The eldest was first to react. “We have done our dear sister a terrible misdeed. Come, we have until nightfall to right it.”
“We must gather every piece we can find.”
“We must be single-minded.”
“We must be brave.”
All day the pale sisters searched, collecting one shining spark after another, never looking up from their task. The sun shone on the lake; they did not see it. The bread baked in the village; they did not taste it. Even the sand beneath their feet did not exist for them, except that it might hide another missing piece of starlight.
As dusk fell, they returned to the door. Each sister poured her findings into the skirt of the eldest. The pile was not nearly large enough. They had not found every piece. They had failed.
They had no choice but to return to their place in the night sky. As each crossed the glowing threshold, she returned to her normal self. The eldest came last, cradling the remains of her sister in her skirt. Two stars emerged from the other side as the doorway collapsed: one fully bright and one tiny, weak, dim. The other four gathered around their injured sister, crying their apologies, begging her forgiveness. She was too shocked to speak.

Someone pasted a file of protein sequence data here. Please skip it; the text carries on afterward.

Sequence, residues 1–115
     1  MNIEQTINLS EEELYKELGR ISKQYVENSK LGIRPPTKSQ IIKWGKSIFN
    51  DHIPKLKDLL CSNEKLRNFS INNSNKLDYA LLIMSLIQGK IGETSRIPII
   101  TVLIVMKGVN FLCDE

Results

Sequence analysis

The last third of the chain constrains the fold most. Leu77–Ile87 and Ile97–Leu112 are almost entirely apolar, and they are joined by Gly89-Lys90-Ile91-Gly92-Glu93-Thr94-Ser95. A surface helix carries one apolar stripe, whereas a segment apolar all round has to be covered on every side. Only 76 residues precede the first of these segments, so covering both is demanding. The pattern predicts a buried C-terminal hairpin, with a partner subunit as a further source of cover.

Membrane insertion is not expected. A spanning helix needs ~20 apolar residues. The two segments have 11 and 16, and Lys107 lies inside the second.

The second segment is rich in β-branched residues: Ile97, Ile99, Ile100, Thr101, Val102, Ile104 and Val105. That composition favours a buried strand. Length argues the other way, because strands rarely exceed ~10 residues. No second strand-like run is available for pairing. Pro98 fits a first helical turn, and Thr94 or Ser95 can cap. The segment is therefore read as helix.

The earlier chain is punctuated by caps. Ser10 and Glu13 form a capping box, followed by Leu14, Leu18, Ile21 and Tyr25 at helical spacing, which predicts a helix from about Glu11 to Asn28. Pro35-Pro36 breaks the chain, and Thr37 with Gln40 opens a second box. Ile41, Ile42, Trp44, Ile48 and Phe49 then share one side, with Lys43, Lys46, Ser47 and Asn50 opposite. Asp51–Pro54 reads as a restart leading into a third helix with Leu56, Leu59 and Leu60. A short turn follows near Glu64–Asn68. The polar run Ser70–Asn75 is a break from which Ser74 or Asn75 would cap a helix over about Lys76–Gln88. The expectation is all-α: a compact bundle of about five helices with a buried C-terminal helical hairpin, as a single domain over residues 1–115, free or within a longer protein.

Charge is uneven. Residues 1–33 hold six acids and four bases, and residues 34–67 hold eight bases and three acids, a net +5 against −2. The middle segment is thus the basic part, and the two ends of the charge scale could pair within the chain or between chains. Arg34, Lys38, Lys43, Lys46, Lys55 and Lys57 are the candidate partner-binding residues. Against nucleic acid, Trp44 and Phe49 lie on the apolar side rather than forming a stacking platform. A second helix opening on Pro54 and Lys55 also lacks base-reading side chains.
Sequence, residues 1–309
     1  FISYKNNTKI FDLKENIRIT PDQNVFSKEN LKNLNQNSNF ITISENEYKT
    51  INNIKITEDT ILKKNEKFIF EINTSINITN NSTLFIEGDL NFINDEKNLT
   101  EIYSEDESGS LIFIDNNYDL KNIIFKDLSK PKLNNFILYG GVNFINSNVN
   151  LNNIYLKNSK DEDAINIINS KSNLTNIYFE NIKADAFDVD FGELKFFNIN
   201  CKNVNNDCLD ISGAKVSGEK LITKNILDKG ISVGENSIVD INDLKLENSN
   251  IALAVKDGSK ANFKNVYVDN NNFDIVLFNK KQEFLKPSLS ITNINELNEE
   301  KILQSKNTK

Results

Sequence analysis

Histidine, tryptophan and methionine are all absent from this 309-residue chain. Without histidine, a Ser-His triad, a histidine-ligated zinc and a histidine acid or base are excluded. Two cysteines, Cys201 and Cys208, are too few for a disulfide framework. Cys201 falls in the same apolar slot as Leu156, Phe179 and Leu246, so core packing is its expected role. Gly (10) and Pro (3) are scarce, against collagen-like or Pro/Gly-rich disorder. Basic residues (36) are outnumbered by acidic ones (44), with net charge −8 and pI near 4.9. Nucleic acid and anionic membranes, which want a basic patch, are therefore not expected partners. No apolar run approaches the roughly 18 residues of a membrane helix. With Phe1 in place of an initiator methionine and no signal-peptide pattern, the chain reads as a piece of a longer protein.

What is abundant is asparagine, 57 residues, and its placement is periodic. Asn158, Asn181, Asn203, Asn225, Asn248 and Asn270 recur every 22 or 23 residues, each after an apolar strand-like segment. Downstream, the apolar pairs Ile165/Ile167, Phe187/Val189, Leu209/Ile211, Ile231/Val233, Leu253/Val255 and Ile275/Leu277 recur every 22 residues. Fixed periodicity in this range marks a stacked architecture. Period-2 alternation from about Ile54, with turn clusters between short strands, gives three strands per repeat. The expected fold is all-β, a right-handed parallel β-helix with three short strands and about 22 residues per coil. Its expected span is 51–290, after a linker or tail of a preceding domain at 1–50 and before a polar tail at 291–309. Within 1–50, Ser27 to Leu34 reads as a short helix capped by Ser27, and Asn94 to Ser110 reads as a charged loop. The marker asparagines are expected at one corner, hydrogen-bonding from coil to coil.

Knowing that they must confess their crime, they called for their mother.
Saliente appeared, looking more sad than surprised. She immediately took the youngest sister in her arms and rocked her. It soothed the sister’s pain and shock, but she was no brighter, no fuller.
The four sisters spoke all at once, each taking full responsibility, each begging to give up some of her own brightness to heal her sister.
Saliente kept stroking the youngest, unresponsive to the babble around her. Then she shushed them. “She cannot be healed now. You will sleep soon, through the long winter. When you wake again, she will be whole.”
The eldest spoke for them all. “We promise we will never disobey you again.”
Saliente’s sigh flickered candle flames and ruffled children’s hair and stirred half-forgiven memories.
“You will. In your long sleep, you will forget. And next year, or the year after, or ten after that, you will ask again. Nothing I do changes it. The cycle will repeat.”
The five sisters sparked and flashed in their distress. Saliente touched each of them, calming them, and cooed to them all that night.
You may say this is just a story. We were not there. We are not gods. We cannot know.
But I say, watch the pale sisters as they reach the horizon late in the season. If the last one blinks and fades, almost to nothing, look for the shattered pieces, sparkling on the grass and mountains and beaches. If you find one, give it an honored place on your altar. For we are not gods. We cannot know.
Written for Jane Dougherty Writes’ microfiction challenge, Looking for Pebbles. l’m not sure if this counts as microfiction, but it’s the story that the painting inspired.
This adds to my collection of Star Stories, about how the various peoples of Eneana see the constellations and link them to their tales.